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In simple flows with mild mean deformation rates, the turbulence has time to come to equilibrium with the mean flow and the Reynolds stresses are determined by the strain rate. On the other hand, when the mean deformation is very rapid, the turbulent structure takes some time to respond and the Reynolds stresses are determined by the amount of total strain. A good turbulence model should exhibit this viscoelastic character of turbulence, matching the two limiting behaviours and providing a reasonable blend in between. Our goal, so far, has been the development of a one-point model with the proper viscoelastic character for engineering use. We have shown that, to achieve this goal, one needs to include structure information in the tensorial base used in the model, because non-equilibrium turbulence is inadequately characterized by the turbulent stresses themselves. We have also argued that the greater challenge in achieving visco-elasticity in a turbulence model is posed by the matching of rapid distortion theory RDT. Given a good RDT model, its extension to flows with mild deformation rates should be relatively straight- forward.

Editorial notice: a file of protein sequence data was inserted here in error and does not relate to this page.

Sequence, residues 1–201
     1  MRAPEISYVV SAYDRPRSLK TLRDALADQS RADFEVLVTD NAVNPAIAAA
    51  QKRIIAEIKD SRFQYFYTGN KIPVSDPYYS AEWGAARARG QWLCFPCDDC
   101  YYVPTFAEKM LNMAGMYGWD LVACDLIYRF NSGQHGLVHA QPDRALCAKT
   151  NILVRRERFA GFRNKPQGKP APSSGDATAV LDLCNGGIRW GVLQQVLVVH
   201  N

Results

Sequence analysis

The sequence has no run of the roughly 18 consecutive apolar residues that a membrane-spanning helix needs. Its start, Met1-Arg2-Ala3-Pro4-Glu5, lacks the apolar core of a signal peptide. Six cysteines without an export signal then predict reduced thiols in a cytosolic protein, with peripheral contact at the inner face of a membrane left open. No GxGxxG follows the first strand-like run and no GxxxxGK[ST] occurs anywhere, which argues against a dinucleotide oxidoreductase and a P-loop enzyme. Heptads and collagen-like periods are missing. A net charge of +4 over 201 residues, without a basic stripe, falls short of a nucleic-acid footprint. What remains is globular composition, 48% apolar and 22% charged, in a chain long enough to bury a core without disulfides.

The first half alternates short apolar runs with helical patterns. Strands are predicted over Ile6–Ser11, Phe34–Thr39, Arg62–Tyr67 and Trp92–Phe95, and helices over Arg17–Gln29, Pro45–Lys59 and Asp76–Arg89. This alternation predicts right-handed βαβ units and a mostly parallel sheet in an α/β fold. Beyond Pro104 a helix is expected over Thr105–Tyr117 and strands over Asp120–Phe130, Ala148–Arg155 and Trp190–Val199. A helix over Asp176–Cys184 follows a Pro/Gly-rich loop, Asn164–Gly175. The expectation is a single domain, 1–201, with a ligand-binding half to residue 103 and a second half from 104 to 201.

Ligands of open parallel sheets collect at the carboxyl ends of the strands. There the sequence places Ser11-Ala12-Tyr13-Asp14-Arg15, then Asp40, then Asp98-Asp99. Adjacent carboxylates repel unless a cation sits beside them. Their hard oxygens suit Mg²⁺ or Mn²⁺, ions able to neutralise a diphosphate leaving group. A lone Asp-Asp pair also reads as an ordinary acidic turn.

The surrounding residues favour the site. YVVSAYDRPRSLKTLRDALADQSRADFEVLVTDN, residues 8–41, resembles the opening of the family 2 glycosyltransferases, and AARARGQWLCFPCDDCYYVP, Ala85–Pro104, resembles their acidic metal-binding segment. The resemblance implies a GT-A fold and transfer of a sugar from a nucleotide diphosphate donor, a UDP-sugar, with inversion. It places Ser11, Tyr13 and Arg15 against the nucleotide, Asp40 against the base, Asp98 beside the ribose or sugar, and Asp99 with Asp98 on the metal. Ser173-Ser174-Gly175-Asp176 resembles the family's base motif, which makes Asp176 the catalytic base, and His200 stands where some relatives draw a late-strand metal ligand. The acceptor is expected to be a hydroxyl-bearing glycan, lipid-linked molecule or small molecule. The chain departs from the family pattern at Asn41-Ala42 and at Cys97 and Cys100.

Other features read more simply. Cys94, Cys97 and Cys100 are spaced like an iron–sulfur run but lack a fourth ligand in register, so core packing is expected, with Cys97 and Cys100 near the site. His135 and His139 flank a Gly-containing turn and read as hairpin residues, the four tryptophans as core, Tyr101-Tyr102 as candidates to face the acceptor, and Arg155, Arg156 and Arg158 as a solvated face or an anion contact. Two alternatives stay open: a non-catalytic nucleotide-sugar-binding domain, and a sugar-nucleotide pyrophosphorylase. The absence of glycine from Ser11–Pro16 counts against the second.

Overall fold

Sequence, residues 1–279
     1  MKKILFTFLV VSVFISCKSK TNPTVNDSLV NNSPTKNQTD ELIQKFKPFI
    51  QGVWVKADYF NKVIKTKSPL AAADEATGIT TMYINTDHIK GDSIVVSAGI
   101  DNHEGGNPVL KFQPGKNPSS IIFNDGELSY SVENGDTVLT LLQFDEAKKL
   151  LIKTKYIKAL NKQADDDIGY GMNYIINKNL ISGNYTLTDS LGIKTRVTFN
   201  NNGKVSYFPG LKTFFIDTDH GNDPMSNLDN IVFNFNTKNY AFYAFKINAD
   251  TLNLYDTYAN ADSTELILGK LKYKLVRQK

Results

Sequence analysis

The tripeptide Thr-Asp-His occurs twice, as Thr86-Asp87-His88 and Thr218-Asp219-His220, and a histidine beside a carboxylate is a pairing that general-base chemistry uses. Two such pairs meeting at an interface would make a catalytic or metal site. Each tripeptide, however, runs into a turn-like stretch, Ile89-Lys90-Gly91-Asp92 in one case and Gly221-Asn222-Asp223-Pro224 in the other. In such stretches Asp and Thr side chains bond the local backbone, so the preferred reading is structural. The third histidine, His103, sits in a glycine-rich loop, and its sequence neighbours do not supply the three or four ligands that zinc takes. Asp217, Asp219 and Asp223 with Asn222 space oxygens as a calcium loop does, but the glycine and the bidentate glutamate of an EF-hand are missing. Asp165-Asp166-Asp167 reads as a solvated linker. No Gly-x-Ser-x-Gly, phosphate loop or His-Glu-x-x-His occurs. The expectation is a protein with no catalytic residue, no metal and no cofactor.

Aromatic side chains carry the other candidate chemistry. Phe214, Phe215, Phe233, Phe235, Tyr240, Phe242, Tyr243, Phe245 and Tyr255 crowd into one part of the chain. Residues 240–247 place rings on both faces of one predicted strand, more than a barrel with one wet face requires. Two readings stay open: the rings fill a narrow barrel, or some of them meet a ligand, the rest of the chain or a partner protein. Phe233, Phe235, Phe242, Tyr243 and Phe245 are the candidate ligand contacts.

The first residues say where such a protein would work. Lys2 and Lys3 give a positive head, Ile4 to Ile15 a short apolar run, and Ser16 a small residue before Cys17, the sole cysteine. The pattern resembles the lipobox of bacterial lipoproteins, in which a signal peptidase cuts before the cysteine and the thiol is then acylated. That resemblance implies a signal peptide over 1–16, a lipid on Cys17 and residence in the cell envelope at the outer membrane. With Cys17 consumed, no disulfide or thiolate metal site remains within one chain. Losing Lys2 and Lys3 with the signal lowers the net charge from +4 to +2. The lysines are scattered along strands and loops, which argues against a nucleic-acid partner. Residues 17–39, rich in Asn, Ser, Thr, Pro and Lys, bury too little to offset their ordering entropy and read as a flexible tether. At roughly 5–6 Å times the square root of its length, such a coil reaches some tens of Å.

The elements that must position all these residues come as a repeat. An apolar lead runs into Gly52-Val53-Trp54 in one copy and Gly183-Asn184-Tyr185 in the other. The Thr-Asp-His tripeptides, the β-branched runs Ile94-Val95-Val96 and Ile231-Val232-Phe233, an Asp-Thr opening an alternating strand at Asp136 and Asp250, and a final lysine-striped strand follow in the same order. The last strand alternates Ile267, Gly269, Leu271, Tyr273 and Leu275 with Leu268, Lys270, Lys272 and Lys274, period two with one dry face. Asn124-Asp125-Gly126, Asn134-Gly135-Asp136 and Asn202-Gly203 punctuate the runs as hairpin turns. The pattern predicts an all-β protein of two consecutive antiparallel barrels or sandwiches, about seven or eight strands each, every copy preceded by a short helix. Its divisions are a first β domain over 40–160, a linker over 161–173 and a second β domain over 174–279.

An elegant way to solve numerically the RDT systems is the Particle Representation Model (PRM). This is a set of equations for the evolution of the properties of a hypothetical particle. The basic idea is to follow the evolution of an ensemble of particles, determine its statistics and use these as the model for the one-point statistics of an evolving field. The equations emulate the exact equations for the evolution of the field, especially the one-point statistics. The key innovation in the present PRM approach lies in the recognition that the linearity of the RDT governing equations makes it possible to emulate exactly the RDT for homogeneous turbulence using a PRM without any modelling assumptions. The non-local pressure effects can be evaluated within the framework of the PRM, thus providing closure. This is unlike traditional particle representation approaches employed by the combustion community. When the time scale of the mean deformation is large compared to that of the turbulence, the non-linear turbulence-turbulence interactions become important in the governing field equations. In the context of the PRM, these non-linear processes should be represented by particle-particle interactions. As in the case of the one-point field equations, the non-linear processes cannot be evaluated directly and modelling is required. In so doing, the linear PRM version for the solution of RDT was extended to what we have termed, in this project, the Interacting Particle Representation Method (IPRM), which takes into account the non-linear effects. Due to the introduction of modelling, the emulation of the field equations by the IPRM is no longer exact, which was the case for the PRM emulation of RDT. The interacting particle representation model (IPRM) provides strong support for this position. The IPRM is, in essence, a very good viscoelastic structure-based turbulence model. The IPRM is also a relatively simple model for the non-linear turbulence-turbulence interactions that is able to handle quite successfully a surprising wide range of flows. Some of these flows involve paradoxical effects and the fact that the IPRM is able to reproduce them suggests that the model captures a significant part of the underlying physics.